dog times two

Households with two or more dogs are more common than you might think. Here is the scenario I hear over and over again:

We went to the breeder and there were only two puppies left. We only planned to buy one, and picked the one we wanted, but the other one looked so sad to be left behind, so we took that one too.


It happens so often that I’m starting to wonder if breeders put two puppies in the pen and take the other litter mates to another location in the presence of a buyer.. This could be an effective tactic given that the urge not to leave a puppy behind is so overwhelming.

Now I will talk about beagles.

I like the website called Your purebred puppy because it breaks down the essence of race characteristics into realistic elements – what is it? GOOD about race, what is it bad on race. Here’s what the site says about the negatives about Beagles:

A slowness to learn and a “what does it bring me?” » attitude towards training — can be very stubborn; running away, indifferent to your calls, when an interesting smell attracts his attention; slow to rob; barking and howling; loss; distinctive dog odor; chronic health problems (joints, ears and skin).

Keep in mind that these characteristics have nothing to do with a dog’s temperament. I have met maniacal Beagles and Couch Potato Beagles. That said, if the Beagle you adopt has any of the traits mentioned above, you have challenges in front. If the Beagle is a puppy When you adopt him, you should also expect the usual puppy behaviors: chewing, obedience and taming the wild beast inside.

My clients are a lovely couple who adopted Mindy and Morgan, two sister female Beagles from the same litter. I was hired when the puppies were about eight months old. This roughly coincides with Mindy and Morgan’s teenage years. If you’ve ever had teenage children, you might have an idea of ​​what my clients were going through.

Two puppies from the same litter, and they are Beagles, no less.

Here is the conversation heard between these dogs when I met them:

Mindy: Who is at the door?

Morgan: I don’t know. Lets go see. But first, let’s really listen Really noisy and ran around the room, jumping on all the furniture. You take this chair which always falls and crashes on the ground. Cool! I jump on the door, and then you join me, okay?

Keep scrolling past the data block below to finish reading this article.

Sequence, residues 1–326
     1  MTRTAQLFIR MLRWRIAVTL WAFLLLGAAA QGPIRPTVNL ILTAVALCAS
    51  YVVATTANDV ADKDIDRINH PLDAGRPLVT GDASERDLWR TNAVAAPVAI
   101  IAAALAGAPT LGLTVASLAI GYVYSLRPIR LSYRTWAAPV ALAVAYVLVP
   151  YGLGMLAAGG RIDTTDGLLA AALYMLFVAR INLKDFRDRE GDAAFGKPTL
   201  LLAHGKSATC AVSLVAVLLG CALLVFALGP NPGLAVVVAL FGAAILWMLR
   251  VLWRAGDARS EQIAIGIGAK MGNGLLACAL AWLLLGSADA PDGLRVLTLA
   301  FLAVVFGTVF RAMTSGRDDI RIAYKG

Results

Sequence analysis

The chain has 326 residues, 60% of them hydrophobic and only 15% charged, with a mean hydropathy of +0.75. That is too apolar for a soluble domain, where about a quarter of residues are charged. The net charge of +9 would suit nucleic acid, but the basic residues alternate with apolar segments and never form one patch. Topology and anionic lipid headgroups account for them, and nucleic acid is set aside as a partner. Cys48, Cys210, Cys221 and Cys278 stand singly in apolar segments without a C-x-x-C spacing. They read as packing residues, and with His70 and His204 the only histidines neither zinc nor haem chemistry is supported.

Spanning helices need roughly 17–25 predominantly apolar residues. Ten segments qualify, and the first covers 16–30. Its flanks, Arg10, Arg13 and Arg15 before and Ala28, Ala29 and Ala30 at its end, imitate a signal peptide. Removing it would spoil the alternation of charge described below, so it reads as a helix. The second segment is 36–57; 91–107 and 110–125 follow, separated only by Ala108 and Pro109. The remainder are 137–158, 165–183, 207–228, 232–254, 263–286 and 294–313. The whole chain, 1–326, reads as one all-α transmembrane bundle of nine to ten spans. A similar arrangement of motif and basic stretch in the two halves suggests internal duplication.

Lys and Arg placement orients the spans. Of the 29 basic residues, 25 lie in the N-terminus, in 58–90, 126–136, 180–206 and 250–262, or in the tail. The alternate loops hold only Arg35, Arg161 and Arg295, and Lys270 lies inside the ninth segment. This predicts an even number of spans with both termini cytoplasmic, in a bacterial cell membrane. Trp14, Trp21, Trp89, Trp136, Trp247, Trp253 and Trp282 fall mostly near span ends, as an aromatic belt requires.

Mindy: Good idea. Hey, she’s a great lady. let’s run away NOW while the door is ajar. I don’t wear a leash or collar. It’s good! Freedom!

Morgan: Wait, I’m right behind you.

Mindy: Wait a second. I have to stop and poop on the lawn.

Morgan: It’s good ; I will eat it. This really disgusts mom.

Mindy: Here it is. Like I thought, she’s gonna come after us. Run faster. Look at her too, it drives her really crazy when we do that.

Morgan: You need to bark louder. And cross the road as fast as possible. Don’t worry, this car doesn’t go very fast. You can beat him.

So the owners and I dutifully chase the girls, bring them home, and watch their playful antics as we think of creative ways to deal with the twins.

I usually start with separate the dogs. It’s nearly impossible to get a dog’s attention when its closest companion is nearby. But of course, once separated, the dogs are almost frantic about the other dog’s location. I therefore advise owners, for future reference, to keep dogs separated from each other on short walks, car trips, etc., precisely for this reason.

We do individual basic leash work with each dog: sit/stay, come when called and heel. Every dog ​​learns not to open the door because he can’t pay the pizza guy anyway. Then we bring the dogs together, take a break while they greet each other after this long, heartbreaking separation (20 minutes, or so) and start all over again in pairs.

Multiple dogs in a household are a wonderful idea. I myself have several dogs. However, there is an easier way to have more than one dog than having two puppies from the same litter. Easier, of course, in terms of blood pressure, sanity, marriage, and furniture. Before you consider adding more dogs to your home, here are some suggestions:

  • Dogs are not related

  • Dogs are of opposite sexes

  • The dogs are sterilized

  • The dogs are of different ages

  • Dogs are obtained at different times (preferably a year or two apart)

  • Dogs have been proven to get along both outside and inside the home

  • Owners have time to feed, care for, walk and train both dogs together and separately.

Yes, there are many, many exceptions to these suggestions, which is why they are suggestions, no rules. Your own household may have 10 dogs, all of the same sex, all littermates, who are models of canine citizenship. If so, tell me! I would like to hear about it.

One more suggestion. If you already have a dog and want another, visit or your local shelter or rescue group adoption clinic – a few are listed on the sidelines of this blog – And give your second dog a second chance.


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